4. #4
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    Default Re: Exterior gas grills

    Two of the four units I found on line have prohibitions for placing under combustible construction.

    Wolfe
    Do not locate grill under overhead combustible
    surfaces.
    Kitchen aid
    The outdoor cooking gas appliance shall not be located
    under overhead unprotected combustible construction.
    But I see no definition of "unprotected" construction.

    My recommendation will be to get the specific installation instructions for the unit that will be installed and follow that.
    I have had one portable grill go up in flames when spiders plugged the burner which then burned the flexible hose from the LP tank. Then things got really interesting!

    Jim Luttrall
    www.MrInspector.net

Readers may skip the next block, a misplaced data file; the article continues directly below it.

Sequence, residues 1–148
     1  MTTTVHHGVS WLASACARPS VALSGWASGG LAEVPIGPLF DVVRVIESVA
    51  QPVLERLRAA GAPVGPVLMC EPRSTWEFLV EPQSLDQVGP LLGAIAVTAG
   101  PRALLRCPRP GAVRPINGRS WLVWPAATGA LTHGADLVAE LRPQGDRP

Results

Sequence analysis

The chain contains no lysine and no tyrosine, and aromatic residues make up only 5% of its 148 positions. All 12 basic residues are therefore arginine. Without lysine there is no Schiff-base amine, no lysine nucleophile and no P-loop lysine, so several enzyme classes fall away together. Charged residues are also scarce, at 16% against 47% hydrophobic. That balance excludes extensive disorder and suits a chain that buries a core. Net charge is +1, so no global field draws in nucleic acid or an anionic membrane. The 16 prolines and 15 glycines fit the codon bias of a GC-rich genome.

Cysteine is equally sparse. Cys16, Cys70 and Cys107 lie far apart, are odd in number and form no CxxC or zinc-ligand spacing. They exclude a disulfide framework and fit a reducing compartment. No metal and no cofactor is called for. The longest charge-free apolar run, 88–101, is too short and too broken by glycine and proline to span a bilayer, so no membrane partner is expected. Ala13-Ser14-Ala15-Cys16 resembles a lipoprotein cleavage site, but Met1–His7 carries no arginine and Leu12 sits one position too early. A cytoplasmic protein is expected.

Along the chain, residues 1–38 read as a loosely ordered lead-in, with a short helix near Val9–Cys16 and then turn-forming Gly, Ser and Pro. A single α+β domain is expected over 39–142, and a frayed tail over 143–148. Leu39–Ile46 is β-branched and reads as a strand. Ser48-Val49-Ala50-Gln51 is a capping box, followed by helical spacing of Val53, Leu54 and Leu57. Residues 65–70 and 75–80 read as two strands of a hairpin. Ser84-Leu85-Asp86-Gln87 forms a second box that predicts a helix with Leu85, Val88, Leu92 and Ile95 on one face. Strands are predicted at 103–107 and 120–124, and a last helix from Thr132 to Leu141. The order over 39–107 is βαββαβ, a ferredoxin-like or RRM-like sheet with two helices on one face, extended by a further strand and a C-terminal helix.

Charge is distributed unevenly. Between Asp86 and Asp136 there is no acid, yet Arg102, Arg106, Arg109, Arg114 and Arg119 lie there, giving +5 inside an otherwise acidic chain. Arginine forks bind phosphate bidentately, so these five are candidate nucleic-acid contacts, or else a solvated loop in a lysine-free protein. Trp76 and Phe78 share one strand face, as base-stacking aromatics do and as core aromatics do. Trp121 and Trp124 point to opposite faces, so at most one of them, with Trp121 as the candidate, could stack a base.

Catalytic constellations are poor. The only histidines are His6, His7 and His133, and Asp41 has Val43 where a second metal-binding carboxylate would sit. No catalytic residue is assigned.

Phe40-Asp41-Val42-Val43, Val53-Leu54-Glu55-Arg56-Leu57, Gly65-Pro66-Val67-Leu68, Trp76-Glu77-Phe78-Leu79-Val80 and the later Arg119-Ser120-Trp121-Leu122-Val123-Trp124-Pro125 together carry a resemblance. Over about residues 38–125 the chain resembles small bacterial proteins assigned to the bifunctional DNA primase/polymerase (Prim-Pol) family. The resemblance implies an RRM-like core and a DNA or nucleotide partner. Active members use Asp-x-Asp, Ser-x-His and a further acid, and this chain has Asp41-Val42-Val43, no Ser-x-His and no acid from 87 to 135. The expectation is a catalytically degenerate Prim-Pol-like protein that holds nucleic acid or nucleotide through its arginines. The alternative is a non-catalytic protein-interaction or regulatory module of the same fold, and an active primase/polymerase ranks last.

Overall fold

Plano, Texas

  5. #5
    Ted Menelly's Avatar
    Ted Menelly Guest

    Default Re: Exterior gas grills

    Quote Originally Posted by Jim Luttrall View Post
    Two of the four units I found on line have prohibitions for placing under combustible construction.

    Wolfe


    Kitchen aid

    But I see no definition of "unprotected" construction.

    My recommendation will be to get the specific installation instructions for the unit that will be installed and follow that.
    I have had one portable grill go up in flames when spiders plugged the burner which then burned the flexible hose from the LP tank. Then things got really interesting!
    I see them all the time but the ceilings are usually 10 feet or better over the grilling area and all trim amd underside of the roof is hardi material. The other half of them that the ceilings are lower are set in a bumped out area beyond the overhang or a seperate grilling area away from the home altogether. I did check a couple of the units instructions and for the life of me I cannot remember which jobs they were or what the findings were. My beef about combustible materials is paint. Won't it ignite under certian conditions with high enough heat. Then of course there always is that shut off to shut it down.